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Lots of New Flueckiger Family, In-laws, and Fellow OEV Workers

Hello,

As I wrote in my last few short scribblings, I truly have not had much time to write my proposed weekly essays during this “Hunger Games Winter” we have endured.  My frost-bitten thumbs have  healed enough to join my other 8 fingers in typing again.  It is amazing how tough it is to do many tasks without functioning thumbs…

But I have been keeping up with my research.  I have spent the last couple months researching the workers of Old Economy Village, during the 1875-1901 time frame when my Flueckigers were resident workers.  I have learned a lot, much of which came from Jean, my collaborator, and from Sarah, the archivist and director of OEV.  I think we have started a project that may finally give recognition to the hundreds of hired helpers who kept the community going, as the community slowly died off as they aged, without a next generation to follow them.

I will be writing a lot that I have just learned about Rosina Schmatz’ sister Anna, and her marriage to Rudy Jenny (who with his brother Jacob) were also workers at OEV.  I also found  Alex Schmatz,  listed as a laborer in the 1880 US Census.  I believe that he might have been Rosina’s and Anne’s younger brother.  Alex seems to have moved to Cleveland where he married Mina Thone, and raised a family.  He worked as a “tinner”, outlived his wife, and died in Michigan.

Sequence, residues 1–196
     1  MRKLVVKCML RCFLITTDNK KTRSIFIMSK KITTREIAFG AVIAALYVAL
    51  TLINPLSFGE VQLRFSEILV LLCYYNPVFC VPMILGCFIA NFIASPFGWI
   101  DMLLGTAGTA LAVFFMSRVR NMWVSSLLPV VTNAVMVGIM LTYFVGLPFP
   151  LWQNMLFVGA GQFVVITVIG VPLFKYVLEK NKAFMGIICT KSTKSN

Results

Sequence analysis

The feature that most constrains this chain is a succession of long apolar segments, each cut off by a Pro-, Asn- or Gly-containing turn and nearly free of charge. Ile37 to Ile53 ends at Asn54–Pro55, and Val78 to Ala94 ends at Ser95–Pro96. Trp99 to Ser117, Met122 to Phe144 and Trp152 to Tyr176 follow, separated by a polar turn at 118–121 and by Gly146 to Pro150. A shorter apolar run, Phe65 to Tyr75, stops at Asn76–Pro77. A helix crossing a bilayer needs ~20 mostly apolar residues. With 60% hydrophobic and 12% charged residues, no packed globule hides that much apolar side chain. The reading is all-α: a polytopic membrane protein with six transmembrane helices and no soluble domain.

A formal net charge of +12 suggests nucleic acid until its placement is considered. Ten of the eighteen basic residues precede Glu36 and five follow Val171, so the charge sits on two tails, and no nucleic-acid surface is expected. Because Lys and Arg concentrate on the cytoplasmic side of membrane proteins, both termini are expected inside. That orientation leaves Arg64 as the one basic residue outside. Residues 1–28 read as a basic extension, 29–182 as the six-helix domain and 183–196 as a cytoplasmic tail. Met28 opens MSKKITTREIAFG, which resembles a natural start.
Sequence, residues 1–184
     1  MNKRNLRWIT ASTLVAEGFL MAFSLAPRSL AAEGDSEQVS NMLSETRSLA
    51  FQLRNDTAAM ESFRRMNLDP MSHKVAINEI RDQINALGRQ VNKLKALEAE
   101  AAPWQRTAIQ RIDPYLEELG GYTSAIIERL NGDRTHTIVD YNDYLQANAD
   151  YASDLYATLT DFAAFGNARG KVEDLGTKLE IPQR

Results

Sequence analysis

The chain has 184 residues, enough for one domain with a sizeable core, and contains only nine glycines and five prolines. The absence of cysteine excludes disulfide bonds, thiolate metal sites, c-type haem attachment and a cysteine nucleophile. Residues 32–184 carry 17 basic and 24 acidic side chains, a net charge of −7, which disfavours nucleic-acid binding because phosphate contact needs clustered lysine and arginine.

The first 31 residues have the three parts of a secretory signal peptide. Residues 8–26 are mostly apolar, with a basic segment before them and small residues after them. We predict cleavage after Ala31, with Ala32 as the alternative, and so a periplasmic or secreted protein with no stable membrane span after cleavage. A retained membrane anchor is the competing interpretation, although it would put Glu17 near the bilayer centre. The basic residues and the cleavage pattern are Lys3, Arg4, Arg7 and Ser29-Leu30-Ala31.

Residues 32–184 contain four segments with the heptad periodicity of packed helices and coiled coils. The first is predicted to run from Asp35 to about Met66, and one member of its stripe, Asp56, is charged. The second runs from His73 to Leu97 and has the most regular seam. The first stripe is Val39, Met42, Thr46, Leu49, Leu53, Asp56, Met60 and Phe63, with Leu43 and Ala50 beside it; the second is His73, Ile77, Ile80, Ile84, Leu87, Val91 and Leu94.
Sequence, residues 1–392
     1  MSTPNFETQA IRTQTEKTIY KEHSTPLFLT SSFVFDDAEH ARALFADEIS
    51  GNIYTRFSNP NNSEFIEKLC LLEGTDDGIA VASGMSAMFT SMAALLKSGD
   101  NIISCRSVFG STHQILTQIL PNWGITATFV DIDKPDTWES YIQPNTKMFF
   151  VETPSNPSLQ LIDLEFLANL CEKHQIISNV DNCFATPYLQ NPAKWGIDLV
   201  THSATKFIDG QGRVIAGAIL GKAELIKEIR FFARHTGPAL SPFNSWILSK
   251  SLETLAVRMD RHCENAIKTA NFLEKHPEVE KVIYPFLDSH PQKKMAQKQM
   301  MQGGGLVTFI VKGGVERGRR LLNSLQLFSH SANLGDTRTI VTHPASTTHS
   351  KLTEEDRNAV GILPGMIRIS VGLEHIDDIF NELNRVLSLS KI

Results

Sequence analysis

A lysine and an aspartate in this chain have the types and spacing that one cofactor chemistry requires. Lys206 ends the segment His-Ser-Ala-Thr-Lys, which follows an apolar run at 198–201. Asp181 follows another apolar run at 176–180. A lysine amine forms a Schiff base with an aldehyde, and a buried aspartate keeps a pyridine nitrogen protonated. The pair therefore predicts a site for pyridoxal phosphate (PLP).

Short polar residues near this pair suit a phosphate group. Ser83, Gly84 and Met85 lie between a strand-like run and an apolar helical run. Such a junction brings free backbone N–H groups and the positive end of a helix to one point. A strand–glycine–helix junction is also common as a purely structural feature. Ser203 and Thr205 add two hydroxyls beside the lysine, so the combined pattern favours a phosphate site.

I have also learned more about my in-laws the Baumans, and Pearces, who also worked for the community.  I have also grown more confident that John Duss’ wife Susanna Creese was of the Sewickley Creeses;  my Aunt Lil Dunn married into the Creese family when she married Don Creese.  Several members of my lost Dunn family,  plus their in-laws Creese, Hineman, and  Bauman families, moved to Volusia County, Florida.  John Duss’ winter home was only 20 miles away, and children of all these families attended Stetson College at the same time.  I know from my own wanderings, that expatriates tend to keep in touch.

As well as writing about my own family members who worked at Old Economy, I will also be sharing my own personal (and business) dealings with some of the children and grandchildren of the workers of Old Economy.  Their  ancestors surely worked with my great-grandfather Gottlieb Flueckiger.   Them old Germans and Swiss stuck together.

Thom Dunn Marti

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